Huffington Post reviews Virality
The rise of the network society is a reality -- though certainly not everyone around the world is participating; but at some point it is likely that most will be because the growing market of information-exchange depends on it. Consequently, the dependence of communities on networked information demands a contemporary evaluation of crowd behavior in both physical and online social spaces.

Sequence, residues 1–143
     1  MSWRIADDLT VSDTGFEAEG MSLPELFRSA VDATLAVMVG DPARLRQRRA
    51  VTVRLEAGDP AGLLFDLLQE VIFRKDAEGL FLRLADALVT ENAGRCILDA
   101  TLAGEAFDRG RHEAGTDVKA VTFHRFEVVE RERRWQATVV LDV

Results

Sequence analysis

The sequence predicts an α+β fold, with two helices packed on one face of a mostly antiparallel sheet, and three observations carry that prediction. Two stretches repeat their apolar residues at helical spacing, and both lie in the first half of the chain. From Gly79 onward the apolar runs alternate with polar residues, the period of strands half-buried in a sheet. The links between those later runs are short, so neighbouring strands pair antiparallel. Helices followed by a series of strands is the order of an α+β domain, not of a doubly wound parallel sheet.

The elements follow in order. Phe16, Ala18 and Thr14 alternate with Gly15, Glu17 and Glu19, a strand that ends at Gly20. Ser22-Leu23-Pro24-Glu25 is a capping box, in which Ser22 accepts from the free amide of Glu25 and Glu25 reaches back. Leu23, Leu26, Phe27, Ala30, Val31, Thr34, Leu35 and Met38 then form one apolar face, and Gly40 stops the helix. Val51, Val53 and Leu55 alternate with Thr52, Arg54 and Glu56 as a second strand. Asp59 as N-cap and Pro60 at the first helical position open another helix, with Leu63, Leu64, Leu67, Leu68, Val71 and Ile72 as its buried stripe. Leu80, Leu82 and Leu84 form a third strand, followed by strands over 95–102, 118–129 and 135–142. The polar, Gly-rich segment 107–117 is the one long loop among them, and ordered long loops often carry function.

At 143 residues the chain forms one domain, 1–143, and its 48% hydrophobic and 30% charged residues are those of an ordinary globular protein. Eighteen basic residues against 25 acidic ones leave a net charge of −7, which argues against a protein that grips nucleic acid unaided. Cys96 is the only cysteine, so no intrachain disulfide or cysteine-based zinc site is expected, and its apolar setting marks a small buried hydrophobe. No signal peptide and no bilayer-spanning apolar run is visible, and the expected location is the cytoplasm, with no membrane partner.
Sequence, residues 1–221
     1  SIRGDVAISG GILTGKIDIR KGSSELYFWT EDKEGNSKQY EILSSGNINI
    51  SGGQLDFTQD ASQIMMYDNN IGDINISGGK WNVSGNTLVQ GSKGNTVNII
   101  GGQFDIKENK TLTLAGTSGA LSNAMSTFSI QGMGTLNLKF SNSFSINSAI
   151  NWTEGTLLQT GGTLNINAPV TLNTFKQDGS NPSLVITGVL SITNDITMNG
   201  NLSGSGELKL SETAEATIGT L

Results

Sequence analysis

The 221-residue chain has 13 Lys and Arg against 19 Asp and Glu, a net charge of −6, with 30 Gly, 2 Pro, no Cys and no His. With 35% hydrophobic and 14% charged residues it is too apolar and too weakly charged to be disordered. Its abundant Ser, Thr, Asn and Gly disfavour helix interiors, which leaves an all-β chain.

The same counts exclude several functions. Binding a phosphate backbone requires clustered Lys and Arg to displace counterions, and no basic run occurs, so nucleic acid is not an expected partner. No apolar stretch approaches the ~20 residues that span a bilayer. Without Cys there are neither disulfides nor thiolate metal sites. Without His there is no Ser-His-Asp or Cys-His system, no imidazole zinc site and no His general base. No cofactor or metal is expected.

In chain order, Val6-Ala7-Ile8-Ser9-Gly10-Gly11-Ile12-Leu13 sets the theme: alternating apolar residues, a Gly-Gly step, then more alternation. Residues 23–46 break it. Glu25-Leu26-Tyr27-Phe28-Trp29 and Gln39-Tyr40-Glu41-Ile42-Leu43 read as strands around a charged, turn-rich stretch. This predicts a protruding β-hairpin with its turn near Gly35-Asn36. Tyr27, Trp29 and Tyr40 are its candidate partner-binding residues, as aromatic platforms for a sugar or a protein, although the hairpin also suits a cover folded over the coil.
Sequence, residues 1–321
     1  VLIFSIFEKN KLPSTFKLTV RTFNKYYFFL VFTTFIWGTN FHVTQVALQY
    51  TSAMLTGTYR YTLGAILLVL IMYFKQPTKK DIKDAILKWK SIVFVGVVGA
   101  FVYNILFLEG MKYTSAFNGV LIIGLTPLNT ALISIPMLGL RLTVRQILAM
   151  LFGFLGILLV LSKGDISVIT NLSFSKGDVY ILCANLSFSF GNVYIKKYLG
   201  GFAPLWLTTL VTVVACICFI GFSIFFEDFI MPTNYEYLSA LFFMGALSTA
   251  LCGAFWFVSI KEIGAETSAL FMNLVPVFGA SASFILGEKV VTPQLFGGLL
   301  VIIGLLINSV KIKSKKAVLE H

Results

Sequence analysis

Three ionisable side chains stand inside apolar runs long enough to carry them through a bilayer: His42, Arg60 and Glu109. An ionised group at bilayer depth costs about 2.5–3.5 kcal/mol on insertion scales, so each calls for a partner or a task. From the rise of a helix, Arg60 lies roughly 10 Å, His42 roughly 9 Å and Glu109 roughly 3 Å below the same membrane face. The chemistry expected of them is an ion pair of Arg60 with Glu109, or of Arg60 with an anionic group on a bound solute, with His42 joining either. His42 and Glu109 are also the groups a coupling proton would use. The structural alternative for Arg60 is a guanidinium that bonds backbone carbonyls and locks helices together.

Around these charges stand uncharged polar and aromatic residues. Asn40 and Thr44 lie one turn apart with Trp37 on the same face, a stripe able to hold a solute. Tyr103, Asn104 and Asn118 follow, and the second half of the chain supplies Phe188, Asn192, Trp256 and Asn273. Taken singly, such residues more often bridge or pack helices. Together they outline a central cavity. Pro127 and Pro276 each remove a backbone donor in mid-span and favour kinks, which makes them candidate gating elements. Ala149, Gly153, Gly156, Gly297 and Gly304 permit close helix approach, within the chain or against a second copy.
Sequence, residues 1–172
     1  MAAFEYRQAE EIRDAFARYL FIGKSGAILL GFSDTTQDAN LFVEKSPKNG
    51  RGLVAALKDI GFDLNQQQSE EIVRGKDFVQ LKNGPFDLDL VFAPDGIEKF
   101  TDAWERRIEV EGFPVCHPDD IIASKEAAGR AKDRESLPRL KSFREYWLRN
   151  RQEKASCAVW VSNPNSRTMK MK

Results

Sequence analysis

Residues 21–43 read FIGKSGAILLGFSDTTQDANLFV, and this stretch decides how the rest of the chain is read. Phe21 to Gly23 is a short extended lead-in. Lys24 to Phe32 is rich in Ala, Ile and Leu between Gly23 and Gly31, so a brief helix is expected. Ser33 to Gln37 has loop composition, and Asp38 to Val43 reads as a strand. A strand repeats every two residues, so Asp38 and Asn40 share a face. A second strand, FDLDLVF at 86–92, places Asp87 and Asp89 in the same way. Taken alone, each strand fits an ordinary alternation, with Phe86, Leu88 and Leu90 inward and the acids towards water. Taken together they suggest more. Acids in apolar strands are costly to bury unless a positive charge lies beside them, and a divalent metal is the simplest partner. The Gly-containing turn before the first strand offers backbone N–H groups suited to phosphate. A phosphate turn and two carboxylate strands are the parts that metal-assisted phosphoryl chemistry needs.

Tony Sampson contributes to this emerging horizon with his book Virality: Contagion Theory in the Age of Networks (Minnesota, 2012) by revisiting, or as he states "resuscitating" the work of Gabriel Tarde, a French sociologist who was contemporary of Emile Durkheim. Sampson's book is relevant in various fields of research including media studies, communication, media archeology, and sociology to name just a few. Sampson's biggest contribution, arguably is to a small niche in cultural studies known as assemblage theory, which is largely defined by the theories of Gilles Deleuze, a French philosopher who developed his principles of non-linear ontology (nature of being) based in part on Tarde's research of crowd behavior during the end of the 19th century.